You say you never heard of a Mrs. Rochester at the house up yonder, Wood;
but I daresay you have many a time inclined your ear to gossip about the mysterious lunatic kept there under watch and ward.
Some have whispered to you that she is my bastard half-sister: some, my cast-off mistress.
I now inform you that she is my wife, whom I married fifteen years ago, Bertha Mason by name;
sister of this resolute personage, who is now, with his quivering limbs and white cheeks,
showing you what a stout heart men may bear.
Cheer up, Dick! -- never fear me! -- I'd almost as soon strike a woman as you.
Bertha Mason is mad; and she came of a mad family; idiots and maniacs through three generations?
Her mother, the Creole, was both a madwoman and a drunkard!
as I found out after I had wed the daughter: for they were silent on family secrets before.
Bertha, like a dutiful child, copied her parent in both points.
I had a charming partner -- pure, wise, modest: you can fancy I was a happy man.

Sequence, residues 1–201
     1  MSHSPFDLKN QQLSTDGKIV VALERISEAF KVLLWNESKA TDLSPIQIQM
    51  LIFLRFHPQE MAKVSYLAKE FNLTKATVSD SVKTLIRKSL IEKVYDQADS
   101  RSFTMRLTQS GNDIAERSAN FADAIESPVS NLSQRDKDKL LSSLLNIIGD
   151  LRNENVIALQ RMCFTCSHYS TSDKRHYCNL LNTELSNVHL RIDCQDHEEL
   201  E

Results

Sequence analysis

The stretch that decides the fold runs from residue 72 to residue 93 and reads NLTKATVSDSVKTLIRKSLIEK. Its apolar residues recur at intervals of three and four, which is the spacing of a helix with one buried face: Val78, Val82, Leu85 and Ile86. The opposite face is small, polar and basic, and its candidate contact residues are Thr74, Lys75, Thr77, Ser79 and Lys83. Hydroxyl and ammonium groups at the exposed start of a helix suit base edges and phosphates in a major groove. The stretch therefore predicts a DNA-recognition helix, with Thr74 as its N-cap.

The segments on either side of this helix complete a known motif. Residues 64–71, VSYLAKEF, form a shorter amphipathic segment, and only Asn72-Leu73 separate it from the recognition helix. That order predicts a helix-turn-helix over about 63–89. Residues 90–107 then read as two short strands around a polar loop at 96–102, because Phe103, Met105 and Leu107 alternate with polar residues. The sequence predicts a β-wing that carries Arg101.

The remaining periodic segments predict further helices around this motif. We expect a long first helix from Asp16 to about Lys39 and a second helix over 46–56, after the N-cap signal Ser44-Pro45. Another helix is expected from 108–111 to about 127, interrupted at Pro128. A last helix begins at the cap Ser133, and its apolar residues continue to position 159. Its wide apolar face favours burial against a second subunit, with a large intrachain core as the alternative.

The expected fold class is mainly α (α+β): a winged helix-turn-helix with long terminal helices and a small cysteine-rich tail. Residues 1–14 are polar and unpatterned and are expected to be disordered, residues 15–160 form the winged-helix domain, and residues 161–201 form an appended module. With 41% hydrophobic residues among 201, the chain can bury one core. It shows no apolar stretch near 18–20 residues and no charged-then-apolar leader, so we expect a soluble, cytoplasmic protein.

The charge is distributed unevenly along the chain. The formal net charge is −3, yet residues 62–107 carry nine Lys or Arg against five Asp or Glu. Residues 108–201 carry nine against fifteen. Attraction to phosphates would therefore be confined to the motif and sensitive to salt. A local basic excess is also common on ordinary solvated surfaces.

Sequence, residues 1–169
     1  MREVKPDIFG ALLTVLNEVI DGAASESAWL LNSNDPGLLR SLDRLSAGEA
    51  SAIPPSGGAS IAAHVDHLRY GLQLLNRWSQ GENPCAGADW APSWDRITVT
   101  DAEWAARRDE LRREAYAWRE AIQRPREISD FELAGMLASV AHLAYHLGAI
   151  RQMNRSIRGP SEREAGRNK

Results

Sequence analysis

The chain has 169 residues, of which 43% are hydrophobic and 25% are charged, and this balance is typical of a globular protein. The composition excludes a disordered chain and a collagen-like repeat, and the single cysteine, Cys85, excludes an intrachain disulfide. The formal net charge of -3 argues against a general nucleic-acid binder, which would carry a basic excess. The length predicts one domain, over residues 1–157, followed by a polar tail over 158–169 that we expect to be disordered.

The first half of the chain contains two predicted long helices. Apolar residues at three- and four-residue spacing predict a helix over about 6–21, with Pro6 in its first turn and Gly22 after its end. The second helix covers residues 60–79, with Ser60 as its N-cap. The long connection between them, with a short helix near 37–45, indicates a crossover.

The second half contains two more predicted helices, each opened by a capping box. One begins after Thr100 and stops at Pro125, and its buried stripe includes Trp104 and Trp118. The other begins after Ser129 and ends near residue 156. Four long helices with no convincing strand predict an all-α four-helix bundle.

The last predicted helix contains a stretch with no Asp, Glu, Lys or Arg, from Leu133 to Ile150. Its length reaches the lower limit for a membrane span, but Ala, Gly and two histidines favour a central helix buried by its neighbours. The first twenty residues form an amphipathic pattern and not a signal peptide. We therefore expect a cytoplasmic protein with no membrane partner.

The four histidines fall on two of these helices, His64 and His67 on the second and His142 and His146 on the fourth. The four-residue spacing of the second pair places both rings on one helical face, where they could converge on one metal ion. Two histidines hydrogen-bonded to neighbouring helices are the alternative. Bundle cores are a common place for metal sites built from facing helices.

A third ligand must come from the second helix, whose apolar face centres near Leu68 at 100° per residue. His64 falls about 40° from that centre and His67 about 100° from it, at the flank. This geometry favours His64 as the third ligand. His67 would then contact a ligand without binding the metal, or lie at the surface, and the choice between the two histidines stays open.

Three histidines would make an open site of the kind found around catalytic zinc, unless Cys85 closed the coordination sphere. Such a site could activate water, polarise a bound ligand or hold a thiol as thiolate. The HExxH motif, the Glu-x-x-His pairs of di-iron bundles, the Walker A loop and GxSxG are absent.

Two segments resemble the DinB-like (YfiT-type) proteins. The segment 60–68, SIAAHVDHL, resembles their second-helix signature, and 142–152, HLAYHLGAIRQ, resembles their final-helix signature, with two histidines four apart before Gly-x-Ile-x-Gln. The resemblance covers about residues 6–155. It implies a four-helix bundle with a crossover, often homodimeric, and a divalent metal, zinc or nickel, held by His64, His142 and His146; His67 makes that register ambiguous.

I went through rich scenes! Oh! my experience has been heavenly, if you only knew it!
But I owe you no further explanation.
Briggs, Wood, Mason, I invite you all to come up to the house and visit Mrs. Poole's patient, and my wife!
You shall see what sort of a being I was cheated into espousing,
and judge whether or not I had a right to break the compact, and seek sympathy with something at least human.
This girl," he continued, looking at me, "knew no more than you, Wood, of the disgusting secret:
she thought all was fair and legal and never dreamt she was going to be entrapped into a feigned union with a defrauded wretch,
already bound to a bad, mad, and embruted partner! Come all of you -- follow!"